The Queen had 15 different Prime Ministers during her reign… but only one knew the secret way to her heart

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File photo dated 06/09/2022 of Queen Elizabeth II welcomes Liz Truss during an audience at Balmoral, Scotland, where she invited the newly elected leader of the Conservative party to become Prime Minister and form a new government. The Queen died peacefully at Balmoral this afternoon, Buckingham Palace has announced. Issue date: Thursday September 8, 2022. PA Photo. See PA story DEATH Queen. Photo credit should read: Jane Barlow/PA Wire

HER Majesty Queen Elizabeth II had 15 Prime Ministers during her record 70-year reign.

Winston Churchill was her first and Liz Truss was her last, having only been sworn in at Balmoral just days before her death.

Liz Truss meets Her Majesty the Queen on Tuesday

Britain’s constitutional monarchy places great importance on the relationship between the Crown and the government.

During her reign the Queen officially appointed her premiers and summoned them from regular audiences to discuss matters of state.

But beyond the formalities she also found affection for her prime ministers, inviting them to join her on holiday and swapping stories.

Here are the 15 prime ministers who served Her Majesty.

Winston Churchill 1952-55

Winston Churchill was the Queen’s first prime minister and was through his second stint in No10 when she ascended to the throne in 1952.

A devout monarchist, the wartime leader is said to have had deep respect for Her Majesty, with his biographer Roy Jenkins describing his affection to her as “near idolatry”.

The Queen even reportedly wrote and handwritten letter to him when he retired in 1955 saying no other premier would be able to hold the place of my first prime minister”

She said she and Philip owed him “so much and for whose wise guidance during the early years of my reign I shall always be so profoundly grateful”.

When Churchill died in 1965 the Queen broke royal protocol by letting his family arrive last, rather than her as tradition dictates, out of respect.

Winston Churchill and Queen Elizabeth, her first PM

Anthony Eden 1955-57

The Queen’s second PM, Anthony Eden, is widely regarded as one of Britain’s worst leaders after struggling to get a grip on international events.

His premiership was largely defined by the Suez Canal Crisis, which the pair discussed during their weekly audiences. 

A Palace aide said: “The Queen believed Eden was mad.”

It was later revealed Eden shared his confidential government papers with Her Majesty during the saga.

It was the first time she is known to have received top secret ministerial documents.

Anthony Eden smiles and bows as he welcomes Queen Elizabeth II on her arrival at London’s Guildhall on May 15, 1956

Harold Macmillan 1957-63

Another passionate royalist, Tory PM Harold Macmillan is believed to have really hit it off with the Queen during his tenure.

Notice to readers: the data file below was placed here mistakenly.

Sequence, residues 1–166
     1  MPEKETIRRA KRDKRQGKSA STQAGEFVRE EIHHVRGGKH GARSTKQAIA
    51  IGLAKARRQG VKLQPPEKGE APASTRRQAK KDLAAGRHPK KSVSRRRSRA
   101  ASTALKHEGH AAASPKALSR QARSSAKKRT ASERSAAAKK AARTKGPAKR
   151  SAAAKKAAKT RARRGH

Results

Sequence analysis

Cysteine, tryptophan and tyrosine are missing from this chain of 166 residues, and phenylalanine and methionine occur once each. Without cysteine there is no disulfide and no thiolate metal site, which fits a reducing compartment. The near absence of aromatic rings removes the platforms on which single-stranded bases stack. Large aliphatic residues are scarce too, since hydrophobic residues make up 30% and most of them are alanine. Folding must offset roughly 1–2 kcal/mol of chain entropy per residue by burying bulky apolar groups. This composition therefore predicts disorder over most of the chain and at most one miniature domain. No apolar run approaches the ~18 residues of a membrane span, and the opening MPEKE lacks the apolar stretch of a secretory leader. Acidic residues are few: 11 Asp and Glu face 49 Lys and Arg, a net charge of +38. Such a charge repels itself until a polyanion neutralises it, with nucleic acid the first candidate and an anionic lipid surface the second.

He once described her as a “great support – because she is the one person you can talk to”.

In one of their meetings, they once gathered together around a radio to listen to US astronaut John Glenn hurtling through space. 

Queen Elizabeth II and five former PMs: (L-R) James Callaghan, Lord Home, Harold Macmillan, Margaret Thatcher, Lord Stockton, the Queen, Lord Wilson

Sir Alec Douglas-Home 1963-64

Although the Queen’s shortest serving PM, Douglas-Home was a friend of her mother’s before he became PM and had mutual pals.

Her Majesty even went to Windsor while Tory MPs were choosing their new PM in Westminster to ensure she did not appear to influence the process.

Once PM, their weekly audiences included talks about mutual interests, such as shooting in Scotland.

Sir Alec Douglas-Home, the Prime Minister from 1963-64

Harold Wilson 1964-70 and 1974-76

Harold Wilson was the Queen’s first Labour PM, leaving people fearing how their relationship would fare with his socialist leanings. 

But the pair actually got on extremely well and developed a strong bond over their many years working together.

Wilson was often invited on picnics with the family at Balmoral and reportedly even helped with the washing up after Philip’s famous barbecues.

According to author Ben Pimlott their weekly audiences at Buckingham Palace often stretched beyond two hours – a sign of their good relationship.

Yorkshireman Wilson is said to have charmed his way to the Queen’s heart, and she even let him smoke his famous pipe during their official audiences.

Prime Minister Harold Wilson at a reception in County Hall, Westminster, London on Nov 11, 1964

Edward Heath 1970-74

The Queen’s sixth PM presided over a tough period in office, characterised by crippling strikes and inflation.

He called an election asking the question “who governs Britain” – which he then lost.

Not much is known about his relationship with the Queen, although he is said to have struggled on small talk.

However in a recently resurfaced clip from 1991, years after he left office, the Queen can be heard joking how he was now “expendable”, after he recently returned from Iraq.